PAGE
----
RFP1 Information Sheet
Through a generous grant from the John Templeton Foundation, the University of Kent welcomes proposals contributing to the Understanding Unbelief project. Over the next three years, this initiative will provide £1m for international research from across the human sciences (e.g. anthropology, cognitive science, psychology, political science, history, and sociology) to advance our empirical understanding of the array of phenomena commonly labelled as ‘unbelief’. We aim to fund a minimum of 8 projects of up to 24 months in duration; individual researchers or project teams can apply for funding to a maximum project value of £300,000. We are now inviting submission of Letters of Inquiry (deadline 14 October 2016), following which we will invite a limited number of researchers and research teams to submit full proposals.
This information sheet sets out the parameters of the programme and the evaluation criteria.
The rapid rise of the religious ‘nones’, the flourishing of secularist activism, nonreligious movements such as ‘New Atheism’, and policy debates around nonreligious inclusion have all fuelled interest in and debate about so-called ‘unbelief’ – broadly conceived as unbelief in ‘religious’ phenomena/areas such as God or gods, the afterlife, and the ultimate purpose of life. While research is growing, there is still a substantial lack of knowledge about the precise nature of such ‘unbelief’ – of what phenomena the loose notion of unbelief entails, the alternative worldviews and existential beliefs (e.g. humanism) that can ground unbeliefs (Lee 2015), and whether and how all of these ‘unbeliefs’ vary across contexts and cultures. Without this foundational knowledge, future research on the causes and effects of unbelief will be severely limited.
Progress in our scientific understanding in this area has been hampered by several obstacles, including the use of such vague terms as ‘unbelief’, ‘atheism’, and ‘secularism’, all of which mean different things to different people and originate from the conceptual schemes of social actors, not social scientists. Since these terms likewise arise out of religious traditions and suggest that it is normal to be religious and/or theist, their ability to describe ‘unbelief’ in other settings (e.g. where atheism, agnosticism or other positions are the norm) is limited. This imprecision calls into question the scientific value of large-scale surveys that employ these terms. In order to move forward, we need to know: What distinct cognitive and social processes and concepts are being grouped together under such labels? What is the nature of such phenomena and how might they relate to each other?
The scientific study of religion has faced similar obstacles, leading some to reject ‘religion’ and ‘belief’ as legitimate objects of scientific analysis (e.g. Fitzgerald 2000; Asad 2003; Taves 2009). Yet, while cross-cultural and critical research unmask parochial conceptualisations of ‘religion’ and ‘belief’, other work has ‘reverse-engineered’ (Taves 2015) and ‘fractionated’ (Whitehouse & Lanman 2014) these categories into a diverse array of productive objects of analysis (e.g. explicit and implicit beliefs, worldviews, existential culture). (The Understanding Unbelief website provides further details of this work; see especially www.ucl.ac.uk/non-religious-belief/understanding-unbelief/background) Scholars have made progress in understanding religion by examining these phenomena as distinct objects of analysis, and by conducting systematic cross-cultural research to avoid hasty generalisations of their properties.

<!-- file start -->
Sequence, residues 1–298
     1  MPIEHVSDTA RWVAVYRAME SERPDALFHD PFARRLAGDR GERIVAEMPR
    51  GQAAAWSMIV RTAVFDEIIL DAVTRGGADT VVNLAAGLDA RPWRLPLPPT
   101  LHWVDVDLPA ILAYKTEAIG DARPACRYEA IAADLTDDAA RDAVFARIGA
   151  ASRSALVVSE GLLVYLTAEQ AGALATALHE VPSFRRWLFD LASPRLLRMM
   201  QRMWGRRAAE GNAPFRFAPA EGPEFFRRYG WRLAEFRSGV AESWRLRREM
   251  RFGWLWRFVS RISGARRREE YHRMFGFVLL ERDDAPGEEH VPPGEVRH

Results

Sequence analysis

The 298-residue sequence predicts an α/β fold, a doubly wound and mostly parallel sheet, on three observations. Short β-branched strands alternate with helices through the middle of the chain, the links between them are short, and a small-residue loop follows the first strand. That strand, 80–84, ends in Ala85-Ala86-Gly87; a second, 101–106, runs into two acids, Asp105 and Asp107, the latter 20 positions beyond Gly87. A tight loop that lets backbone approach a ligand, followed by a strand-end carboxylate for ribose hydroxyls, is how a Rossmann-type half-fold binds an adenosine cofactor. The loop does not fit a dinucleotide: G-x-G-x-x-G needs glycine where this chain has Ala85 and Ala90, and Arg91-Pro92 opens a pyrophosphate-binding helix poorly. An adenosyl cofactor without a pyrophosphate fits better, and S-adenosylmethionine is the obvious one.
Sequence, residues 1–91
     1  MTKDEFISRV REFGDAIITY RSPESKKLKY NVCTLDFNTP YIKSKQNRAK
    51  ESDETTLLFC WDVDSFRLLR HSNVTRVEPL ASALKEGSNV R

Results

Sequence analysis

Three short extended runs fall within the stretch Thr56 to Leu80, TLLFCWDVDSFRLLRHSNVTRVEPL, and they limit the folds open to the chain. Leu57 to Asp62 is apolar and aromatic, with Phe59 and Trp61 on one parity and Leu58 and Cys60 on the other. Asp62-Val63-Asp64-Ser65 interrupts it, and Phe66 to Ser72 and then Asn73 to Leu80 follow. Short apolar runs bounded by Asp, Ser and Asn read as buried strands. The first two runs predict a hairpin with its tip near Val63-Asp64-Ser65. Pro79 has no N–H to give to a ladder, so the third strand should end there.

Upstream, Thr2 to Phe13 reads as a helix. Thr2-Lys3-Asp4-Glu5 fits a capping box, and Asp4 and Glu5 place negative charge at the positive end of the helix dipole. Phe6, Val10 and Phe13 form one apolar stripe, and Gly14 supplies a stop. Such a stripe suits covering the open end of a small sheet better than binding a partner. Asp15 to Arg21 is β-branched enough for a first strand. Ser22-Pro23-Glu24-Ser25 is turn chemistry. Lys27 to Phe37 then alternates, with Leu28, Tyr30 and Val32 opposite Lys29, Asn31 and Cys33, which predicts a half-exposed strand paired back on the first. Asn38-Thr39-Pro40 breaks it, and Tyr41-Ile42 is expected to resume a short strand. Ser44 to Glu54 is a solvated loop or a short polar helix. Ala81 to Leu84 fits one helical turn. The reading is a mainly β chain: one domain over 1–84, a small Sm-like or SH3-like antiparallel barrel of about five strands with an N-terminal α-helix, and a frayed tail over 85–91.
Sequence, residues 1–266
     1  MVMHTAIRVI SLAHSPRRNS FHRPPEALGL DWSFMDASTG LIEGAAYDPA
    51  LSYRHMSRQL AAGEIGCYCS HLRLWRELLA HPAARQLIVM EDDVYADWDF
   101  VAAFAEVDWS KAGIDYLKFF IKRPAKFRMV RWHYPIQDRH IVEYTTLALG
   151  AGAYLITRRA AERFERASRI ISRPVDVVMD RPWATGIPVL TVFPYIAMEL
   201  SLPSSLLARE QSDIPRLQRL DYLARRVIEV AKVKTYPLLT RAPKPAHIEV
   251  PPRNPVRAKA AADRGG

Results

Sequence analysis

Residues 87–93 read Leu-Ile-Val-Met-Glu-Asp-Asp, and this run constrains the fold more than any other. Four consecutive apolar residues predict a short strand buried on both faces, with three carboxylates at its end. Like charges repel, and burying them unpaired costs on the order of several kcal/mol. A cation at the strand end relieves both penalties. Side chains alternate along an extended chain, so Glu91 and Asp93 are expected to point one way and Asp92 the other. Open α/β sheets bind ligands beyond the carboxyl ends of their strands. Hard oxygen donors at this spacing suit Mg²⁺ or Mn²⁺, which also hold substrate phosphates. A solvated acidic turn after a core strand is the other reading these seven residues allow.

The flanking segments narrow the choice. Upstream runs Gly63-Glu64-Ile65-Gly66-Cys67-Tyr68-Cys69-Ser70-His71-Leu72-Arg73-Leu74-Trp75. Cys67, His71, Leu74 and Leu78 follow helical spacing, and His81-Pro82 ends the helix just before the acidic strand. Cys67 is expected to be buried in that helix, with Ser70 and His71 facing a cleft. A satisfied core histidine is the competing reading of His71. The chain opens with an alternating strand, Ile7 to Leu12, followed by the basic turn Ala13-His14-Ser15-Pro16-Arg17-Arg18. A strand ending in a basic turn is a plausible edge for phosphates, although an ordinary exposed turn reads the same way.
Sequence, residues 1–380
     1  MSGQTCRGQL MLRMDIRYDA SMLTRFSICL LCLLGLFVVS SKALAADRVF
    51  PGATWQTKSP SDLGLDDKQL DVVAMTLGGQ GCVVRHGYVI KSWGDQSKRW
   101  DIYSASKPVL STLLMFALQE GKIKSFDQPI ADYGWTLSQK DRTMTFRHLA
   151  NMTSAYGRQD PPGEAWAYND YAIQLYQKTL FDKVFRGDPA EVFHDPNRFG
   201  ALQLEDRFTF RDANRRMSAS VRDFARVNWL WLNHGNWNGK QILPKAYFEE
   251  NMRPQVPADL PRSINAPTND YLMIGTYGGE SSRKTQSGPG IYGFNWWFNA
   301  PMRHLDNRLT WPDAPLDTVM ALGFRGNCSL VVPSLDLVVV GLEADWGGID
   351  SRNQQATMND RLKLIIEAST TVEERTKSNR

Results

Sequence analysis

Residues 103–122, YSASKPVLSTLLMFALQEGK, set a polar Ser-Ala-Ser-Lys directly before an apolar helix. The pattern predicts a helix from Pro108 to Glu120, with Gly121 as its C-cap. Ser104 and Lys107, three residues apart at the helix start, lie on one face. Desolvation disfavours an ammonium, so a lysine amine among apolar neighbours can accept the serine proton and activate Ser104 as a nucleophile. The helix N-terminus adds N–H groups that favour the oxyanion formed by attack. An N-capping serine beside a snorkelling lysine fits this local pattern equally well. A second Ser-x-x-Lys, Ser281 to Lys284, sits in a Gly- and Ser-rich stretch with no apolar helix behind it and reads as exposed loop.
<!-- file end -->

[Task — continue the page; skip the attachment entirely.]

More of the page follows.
The aim of the Understanding Unbelief programme is to facilitate similar progress in our understanding of the diverse phenomena commonly labelled as ‘unbelief’, ‘atheism’, and ‘secularism’. To that end, the Understanding Unbelief competition offers £1m for researchers to investigate ‘unbelief’ across two significant dimensions:
Dimension 1: The Nature of Unbelief
As it is defined in the forthcoming Oxford Dictionary of Atheism, (also available at www.ucl.ac.uk/non-religious-belief/resources/concepts/glossary/) unbelief is a category that arises out of Western and Christian settings, and is typically (but not only) applied to those who do not believe in God(s), either in the strong or positive sense (belief that there is no such being or beings) or, perhaps most often, in the weak or negative sense (lack of belief therein). These core meanings are compatible with a broad and heterogeneous set of other beliefs, practices, identities, and moral commitments, including positions such as agnosticism, or more ambivalent forms of ‘positive atheism’ or non-theism.. Furthermore, the concept of unbelief alone does not help us to understand this array of perspectives in more nuanced terms – e.g. the particularities of these various unbeliefs in terms of content, form, coherence and significance, the complex beliefs that unbelievers have about theism and religion, and the diverse nonreligious and areligious existential beliefs (often thought of in terms of a handful of recognised systems of thought (humanism, naturalism)) that sometimes associated with unbelief. Nor does it help us understand the way in which all of these phenomena differ across cultures and demographic categories.